Neuburg Congregational Church

Neuburg Congregational Church

This is Neuberg Congregational Church, in Hettinger County, rural Mott.  The church, which is quite remote, nearly 25 miles from the nearest town, was built in 1925 and it was placed on the National Register of Historic Places in 2007.

Neuburg Congregational Church

We visited Neuberg Congregational Church in July of 2014. The sky was thick with haze from forest fires (in Washington, Oregon, or Canada, depending on who you ask) which lent some weirdness to the look of the sky. The light changed by the minute.

Neuburg Congregational Church

Neuberg Congregational Church was founded in 1898 by a group of settlers, Germans from Russia, who had come to America seeking relief from increasingly oppressive living conditions. For seven years, they worshipped at the farm of John Sayler, but in 1905, they bought a vacant Lutheran church and moved it to this site. Twenty years later, their congregation having swelled in number, they chose to build this church. According to the National Register of Historic Places registration form, the settlers that built this church “totally ignored the Russian part of their heritage. They culturally identified as Germans.” Until 1953, all services were held in German.

Neuburg Congregational Church

This church was featured in our hardcover coffee table book, Churches of the High Plains — a great gift for the North Dakota-lover on your list.

Neuburg Congregational Church

Must have been a big congregation. That’s a lot of biffies.

Neuburg Congregational Church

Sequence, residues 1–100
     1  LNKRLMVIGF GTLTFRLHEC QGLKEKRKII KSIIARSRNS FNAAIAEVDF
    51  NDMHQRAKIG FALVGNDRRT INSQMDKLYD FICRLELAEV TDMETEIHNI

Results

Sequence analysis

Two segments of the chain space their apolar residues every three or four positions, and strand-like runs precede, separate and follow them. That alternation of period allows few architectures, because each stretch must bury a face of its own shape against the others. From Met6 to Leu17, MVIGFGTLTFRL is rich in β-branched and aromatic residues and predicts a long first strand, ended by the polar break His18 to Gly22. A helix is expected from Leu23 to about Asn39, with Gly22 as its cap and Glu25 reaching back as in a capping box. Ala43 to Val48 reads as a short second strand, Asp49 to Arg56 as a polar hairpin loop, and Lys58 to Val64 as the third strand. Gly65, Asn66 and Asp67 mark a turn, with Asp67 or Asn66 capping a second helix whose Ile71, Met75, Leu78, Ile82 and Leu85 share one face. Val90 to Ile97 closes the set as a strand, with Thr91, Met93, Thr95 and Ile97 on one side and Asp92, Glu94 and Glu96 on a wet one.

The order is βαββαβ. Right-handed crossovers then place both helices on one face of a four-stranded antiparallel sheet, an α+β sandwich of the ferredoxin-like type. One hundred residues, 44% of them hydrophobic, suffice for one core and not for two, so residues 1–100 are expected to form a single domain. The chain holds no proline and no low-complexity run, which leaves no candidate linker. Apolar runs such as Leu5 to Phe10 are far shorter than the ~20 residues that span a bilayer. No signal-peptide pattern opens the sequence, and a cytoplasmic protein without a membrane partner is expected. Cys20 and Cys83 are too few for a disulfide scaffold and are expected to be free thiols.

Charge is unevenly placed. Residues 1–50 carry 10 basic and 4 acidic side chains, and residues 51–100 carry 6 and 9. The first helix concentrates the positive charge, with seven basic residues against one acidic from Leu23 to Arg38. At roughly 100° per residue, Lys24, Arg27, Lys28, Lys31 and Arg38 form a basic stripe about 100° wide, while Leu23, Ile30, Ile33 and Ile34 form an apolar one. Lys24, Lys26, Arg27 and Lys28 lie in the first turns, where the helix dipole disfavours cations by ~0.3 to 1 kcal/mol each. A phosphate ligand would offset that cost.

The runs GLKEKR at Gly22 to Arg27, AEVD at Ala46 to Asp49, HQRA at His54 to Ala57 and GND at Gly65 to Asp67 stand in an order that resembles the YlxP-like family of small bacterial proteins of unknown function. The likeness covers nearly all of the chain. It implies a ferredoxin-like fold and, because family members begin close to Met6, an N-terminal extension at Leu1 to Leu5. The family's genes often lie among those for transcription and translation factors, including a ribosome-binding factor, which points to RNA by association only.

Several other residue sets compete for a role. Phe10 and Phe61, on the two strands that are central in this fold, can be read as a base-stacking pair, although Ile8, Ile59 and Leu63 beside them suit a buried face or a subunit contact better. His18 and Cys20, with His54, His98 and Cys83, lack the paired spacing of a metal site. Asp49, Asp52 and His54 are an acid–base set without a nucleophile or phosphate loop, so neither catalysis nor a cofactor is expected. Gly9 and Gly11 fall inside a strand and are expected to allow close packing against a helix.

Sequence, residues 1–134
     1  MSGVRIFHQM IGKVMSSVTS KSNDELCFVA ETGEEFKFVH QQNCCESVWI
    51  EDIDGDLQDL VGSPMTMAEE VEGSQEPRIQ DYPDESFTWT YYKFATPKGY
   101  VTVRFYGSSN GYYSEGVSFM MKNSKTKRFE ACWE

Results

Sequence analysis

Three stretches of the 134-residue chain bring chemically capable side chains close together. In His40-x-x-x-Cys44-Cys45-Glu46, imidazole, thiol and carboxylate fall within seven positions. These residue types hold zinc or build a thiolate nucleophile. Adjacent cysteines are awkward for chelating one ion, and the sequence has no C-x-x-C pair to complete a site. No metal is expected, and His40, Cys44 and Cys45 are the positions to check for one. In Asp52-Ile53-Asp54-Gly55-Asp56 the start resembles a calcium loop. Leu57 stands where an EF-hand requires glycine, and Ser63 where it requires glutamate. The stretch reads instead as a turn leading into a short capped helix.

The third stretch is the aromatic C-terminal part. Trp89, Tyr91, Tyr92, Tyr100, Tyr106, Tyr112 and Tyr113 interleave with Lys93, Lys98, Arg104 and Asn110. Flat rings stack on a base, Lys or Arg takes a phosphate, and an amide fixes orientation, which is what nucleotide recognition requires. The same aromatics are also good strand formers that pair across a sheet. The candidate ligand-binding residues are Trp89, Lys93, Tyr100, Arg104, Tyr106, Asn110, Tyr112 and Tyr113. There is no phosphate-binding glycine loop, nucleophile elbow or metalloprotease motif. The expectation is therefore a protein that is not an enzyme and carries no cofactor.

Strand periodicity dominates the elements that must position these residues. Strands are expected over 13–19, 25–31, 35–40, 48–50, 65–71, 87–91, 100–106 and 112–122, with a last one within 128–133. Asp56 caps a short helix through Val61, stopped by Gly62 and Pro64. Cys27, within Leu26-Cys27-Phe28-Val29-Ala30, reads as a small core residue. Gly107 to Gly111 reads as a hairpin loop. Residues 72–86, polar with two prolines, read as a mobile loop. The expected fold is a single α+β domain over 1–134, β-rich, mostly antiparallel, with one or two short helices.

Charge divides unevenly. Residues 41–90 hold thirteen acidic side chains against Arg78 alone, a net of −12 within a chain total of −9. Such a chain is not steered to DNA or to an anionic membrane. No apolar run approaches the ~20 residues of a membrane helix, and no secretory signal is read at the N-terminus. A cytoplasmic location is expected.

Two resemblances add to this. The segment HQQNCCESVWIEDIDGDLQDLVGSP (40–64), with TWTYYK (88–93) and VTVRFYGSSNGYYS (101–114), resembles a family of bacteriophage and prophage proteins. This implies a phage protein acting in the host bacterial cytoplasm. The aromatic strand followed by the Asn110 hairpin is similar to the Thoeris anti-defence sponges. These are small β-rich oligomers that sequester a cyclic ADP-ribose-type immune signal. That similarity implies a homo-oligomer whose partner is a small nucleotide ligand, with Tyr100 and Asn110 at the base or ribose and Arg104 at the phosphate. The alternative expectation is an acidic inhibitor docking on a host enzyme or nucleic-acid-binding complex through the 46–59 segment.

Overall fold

Neuburg Congregational Church

Sometime after we visited in 2014, area residents decided it was time to bring Neuburg Congregational Church back from the brink. Our friend Tim Riley got some photos in 2016.

Neuburg Congregational Church

Photos by Troy Larson and Terry Hinnenkamp, © 2016 Sonic Tremor Media


23 Comments on “Neuburg Congregational Church

  1. We drove by there once several years ago and sitting on of the gravestones was a huge golden eagle. It was beautiful. Thank you for the beautiful photos of this old church.

  2. Lovely photos, do you get any of the inside of the church?

  3. My great grandparents helped build this church. It served the farm families in the Burt (6 miles away) Mott and surrounding areas. A yearly service is held on Memorial day weekend but regular services haven’t been held there since the late 80 s I believe. My brother maintains the cemetary grounds where many of our families rests.

  4. Hi
    A am from Croatia.
    I just want to say i love this page.
    I newer was in ND but this is sprecial place for me. Dont know why.

    Thanks for these pictures